This adds a small delay before any current limit kicks in.

The problem with the first way is that any large but acceptable loads applied
later will still trip the protect circuit.
The problem with the second way is that any actual short current will last
longer than it should.

The only way that seems to be acceptable then is to increase the current limit
itself, by increasing the trip point current level. You have been doing this with
parallel resistors in the past, however there is another way.
The reason this works is because the acceptable load current (even though rather
high sometimes) is allowed to pass, but in the event of a catastrophic current
level the circuit will shut off, and it will still shut off fast. If we delay the
trigger it will allow the short to exist for a while, and depending on what the
system can take without destruction, this may or may not work.

Ok, so now the other way...
The idea is to increase the required voltage level at the input to the LM339.
Although we can not go too high with this, a little higher wont hurt as long
as the sense resistors do not overheat.
Right now the LM339 has a 10k and 1.2k on it's input. We will change
the 1.2k to 2.2k and try that next. This will almost double the acceptable
load current before the circuit trips out.
If we call the 10k resistor R1 and the 1.2k resistor R2 and the sense
resistor Rs, then:

and the trip point is when Vs=Vx, so


Solving for R2 we get:


Although we could set R2 a little higher to use a standard value.

One caution though is that we also have to be careful that we dont
exceed the rating of the L298 with Is. If we do, then we would have
to parallel two sections of the L298.

With this kind of system the driver has to be able to handle the full
power of the load, which means the driver has to be overrated.

If on the other hand, some short circuit current is allowed due
the the system power supply being able to cut back during a short,
then we would be able to add in a delay, which would take care of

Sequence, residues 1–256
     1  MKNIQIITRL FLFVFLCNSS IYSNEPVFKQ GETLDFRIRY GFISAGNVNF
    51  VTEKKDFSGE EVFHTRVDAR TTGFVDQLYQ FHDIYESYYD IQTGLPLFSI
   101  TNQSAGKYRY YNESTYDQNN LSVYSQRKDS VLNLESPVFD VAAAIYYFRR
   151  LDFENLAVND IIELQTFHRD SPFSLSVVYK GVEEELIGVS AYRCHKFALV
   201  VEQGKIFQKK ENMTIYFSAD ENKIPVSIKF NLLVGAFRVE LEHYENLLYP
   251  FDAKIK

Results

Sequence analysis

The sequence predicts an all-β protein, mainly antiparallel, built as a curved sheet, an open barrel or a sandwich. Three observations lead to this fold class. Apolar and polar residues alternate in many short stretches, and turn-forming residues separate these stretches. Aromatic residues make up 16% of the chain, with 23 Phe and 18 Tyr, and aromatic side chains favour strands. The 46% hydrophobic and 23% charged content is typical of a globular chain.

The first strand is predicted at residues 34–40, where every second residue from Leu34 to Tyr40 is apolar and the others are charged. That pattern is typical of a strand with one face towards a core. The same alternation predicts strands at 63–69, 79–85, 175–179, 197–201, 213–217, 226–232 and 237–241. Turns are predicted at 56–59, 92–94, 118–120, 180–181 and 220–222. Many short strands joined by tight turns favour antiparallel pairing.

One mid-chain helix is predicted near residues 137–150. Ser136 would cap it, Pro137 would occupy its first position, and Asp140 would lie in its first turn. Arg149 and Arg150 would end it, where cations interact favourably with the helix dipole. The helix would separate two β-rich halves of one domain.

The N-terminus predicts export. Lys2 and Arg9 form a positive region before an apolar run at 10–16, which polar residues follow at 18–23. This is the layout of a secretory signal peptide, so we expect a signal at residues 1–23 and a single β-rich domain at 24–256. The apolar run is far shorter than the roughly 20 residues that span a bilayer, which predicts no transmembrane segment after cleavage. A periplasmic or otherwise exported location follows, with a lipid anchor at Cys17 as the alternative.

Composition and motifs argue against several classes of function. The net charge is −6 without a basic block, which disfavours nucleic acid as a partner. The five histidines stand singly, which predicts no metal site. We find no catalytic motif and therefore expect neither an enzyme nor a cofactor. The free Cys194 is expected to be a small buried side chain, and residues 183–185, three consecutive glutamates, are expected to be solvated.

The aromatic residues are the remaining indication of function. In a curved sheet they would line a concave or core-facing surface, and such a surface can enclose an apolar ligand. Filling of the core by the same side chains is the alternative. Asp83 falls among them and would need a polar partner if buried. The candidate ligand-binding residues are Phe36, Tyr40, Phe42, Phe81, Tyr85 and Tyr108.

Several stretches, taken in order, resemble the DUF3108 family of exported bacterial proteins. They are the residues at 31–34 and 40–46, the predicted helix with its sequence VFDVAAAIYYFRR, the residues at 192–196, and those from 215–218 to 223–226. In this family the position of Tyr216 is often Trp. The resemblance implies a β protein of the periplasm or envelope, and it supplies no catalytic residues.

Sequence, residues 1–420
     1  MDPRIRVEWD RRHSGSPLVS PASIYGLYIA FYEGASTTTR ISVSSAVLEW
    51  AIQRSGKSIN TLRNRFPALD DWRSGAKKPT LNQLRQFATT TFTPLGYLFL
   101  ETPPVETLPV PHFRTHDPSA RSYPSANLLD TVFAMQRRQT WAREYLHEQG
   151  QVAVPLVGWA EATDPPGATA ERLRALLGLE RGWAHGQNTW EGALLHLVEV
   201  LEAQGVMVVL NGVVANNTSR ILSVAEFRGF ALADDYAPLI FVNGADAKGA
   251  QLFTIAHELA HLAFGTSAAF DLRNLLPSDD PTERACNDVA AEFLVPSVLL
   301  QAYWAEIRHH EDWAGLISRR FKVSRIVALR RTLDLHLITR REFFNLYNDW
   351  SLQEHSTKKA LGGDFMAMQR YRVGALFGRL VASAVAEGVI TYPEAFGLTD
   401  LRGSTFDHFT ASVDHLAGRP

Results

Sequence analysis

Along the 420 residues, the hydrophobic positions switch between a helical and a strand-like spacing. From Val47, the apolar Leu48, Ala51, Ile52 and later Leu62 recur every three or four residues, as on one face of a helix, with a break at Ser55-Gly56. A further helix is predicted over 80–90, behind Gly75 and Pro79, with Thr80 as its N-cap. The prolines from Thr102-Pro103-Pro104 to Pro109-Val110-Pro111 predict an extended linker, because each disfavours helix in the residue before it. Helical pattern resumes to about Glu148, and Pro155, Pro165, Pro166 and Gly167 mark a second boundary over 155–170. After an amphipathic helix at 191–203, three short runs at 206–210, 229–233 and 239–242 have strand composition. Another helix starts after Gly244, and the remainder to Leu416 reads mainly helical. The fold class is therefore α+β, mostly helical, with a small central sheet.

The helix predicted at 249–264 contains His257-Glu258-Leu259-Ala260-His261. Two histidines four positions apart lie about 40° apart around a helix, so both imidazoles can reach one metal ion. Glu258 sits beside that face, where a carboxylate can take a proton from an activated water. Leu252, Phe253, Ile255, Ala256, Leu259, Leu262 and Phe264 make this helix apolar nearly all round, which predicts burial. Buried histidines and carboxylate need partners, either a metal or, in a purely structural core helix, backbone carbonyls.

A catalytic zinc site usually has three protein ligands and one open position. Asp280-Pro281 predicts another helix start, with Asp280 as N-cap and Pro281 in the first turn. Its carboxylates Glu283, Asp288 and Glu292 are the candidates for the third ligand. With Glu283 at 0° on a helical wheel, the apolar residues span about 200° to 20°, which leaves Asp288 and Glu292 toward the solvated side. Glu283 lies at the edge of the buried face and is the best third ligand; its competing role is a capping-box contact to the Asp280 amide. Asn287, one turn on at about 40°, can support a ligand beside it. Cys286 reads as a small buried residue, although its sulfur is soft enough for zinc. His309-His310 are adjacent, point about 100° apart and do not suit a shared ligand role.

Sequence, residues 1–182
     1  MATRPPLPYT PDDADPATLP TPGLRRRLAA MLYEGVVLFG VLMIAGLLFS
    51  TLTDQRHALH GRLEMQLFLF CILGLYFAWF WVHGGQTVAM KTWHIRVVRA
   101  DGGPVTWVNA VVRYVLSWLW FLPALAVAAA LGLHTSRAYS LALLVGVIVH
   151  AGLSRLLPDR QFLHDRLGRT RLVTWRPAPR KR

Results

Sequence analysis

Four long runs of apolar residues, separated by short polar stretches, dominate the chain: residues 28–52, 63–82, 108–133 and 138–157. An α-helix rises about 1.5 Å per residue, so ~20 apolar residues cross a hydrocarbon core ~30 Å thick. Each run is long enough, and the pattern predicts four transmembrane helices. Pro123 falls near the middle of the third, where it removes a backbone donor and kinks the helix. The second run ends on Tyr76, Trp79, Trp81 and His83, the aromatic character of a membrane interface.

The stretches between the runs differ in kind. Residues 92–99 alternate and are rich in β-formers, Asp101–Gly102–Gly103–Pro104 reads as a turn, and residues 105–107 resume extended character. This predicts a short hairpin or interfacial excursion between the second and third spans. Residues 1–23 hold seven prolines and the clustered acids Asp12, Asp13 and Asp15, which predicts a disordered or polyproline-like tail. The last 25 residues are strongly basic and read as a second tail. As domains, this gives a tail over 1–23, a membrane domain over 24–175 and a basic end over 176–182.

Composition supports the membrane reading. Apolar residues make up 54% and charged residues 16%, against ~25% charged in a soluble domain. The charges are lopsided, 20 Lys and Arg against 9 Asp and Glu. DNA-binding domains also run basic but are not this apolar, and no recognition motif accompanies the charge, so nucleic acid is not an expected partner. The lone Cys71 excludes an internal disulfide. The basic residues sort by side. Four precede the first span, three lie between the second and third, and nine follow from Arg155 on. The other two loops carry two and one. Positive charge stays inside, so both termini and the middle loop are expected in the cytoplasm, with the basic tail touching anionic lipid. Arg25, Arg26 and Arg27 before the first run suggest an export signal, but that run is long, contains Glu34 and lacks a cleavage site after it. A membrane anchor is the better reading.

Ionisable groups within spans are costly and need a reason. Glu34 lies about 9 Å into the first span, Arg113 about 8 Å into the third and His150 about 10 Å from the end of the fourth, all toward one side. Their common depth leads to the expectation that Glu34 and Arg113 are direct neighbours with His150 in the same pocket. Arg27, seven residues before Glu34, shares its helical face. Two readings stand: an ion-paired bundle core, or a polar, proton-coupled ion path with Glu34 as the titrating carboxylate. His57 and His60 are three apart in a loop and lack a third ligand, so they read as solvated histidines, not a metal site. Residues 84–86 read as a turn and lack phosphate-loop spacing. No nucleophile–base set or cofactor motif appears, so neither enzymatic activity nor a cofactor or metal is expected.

the surge and allow everything else to work properly.

The way many systems work is they put out a pulse width modulation
and as the current increases the pattern cuts back, and once the
overcurrent is gone the system ramps up slowly to allow devices
that would draw a surge to start up slowly too. Because we dont
have that kind of system here we have to make trade offs.

So, the first thing to look at is just how much current do we need
to pass to get this to work? Using the formula, calculate the current
setting that would be needed. If that turns out to be too high,
then either parallel more L298's or we can give the delay network
a shot. This would be built with a resistor and small capacitor.

It might also be possible to PWM the output, but this could get
a little complicated here, so hopefully that wont be needed.

One question i have...
Did you say the system works with a short or did it blow something out?
Last edited:


Ok, gotcha... I'll be testing this out tonight.

As for results of shorting... I had the initial circuit (before we started extending it) on my model railway and it was shorting out without me realising (I thought it was just dirty tracks...) Before I knew it there was a plume of electrolytic smoke coming out of the box and everything was overheating. I had no spare components at the time and still haven't checked if any of the parts in that setup still work.

The 2200uf cap was the obviously casualty... I'll test out the other parts, like the L298, when I have the time.

Anyway, back to work, but thanks again for the assistance!


Right, after twisting a few resistors together (as the 2K2 was too high, it seems) the 'sweet value' for 2 trains and 2 accessory decoders is 1K4.

Now I just need to make sure I incorporate a heatsink on both the 7805 and L298.

Thanks again.


Well-Known Member
Most Helpful Member
Hi again,

OH yes, the heatsinks will be a good idea :)

Latest threads

EE World Online Articles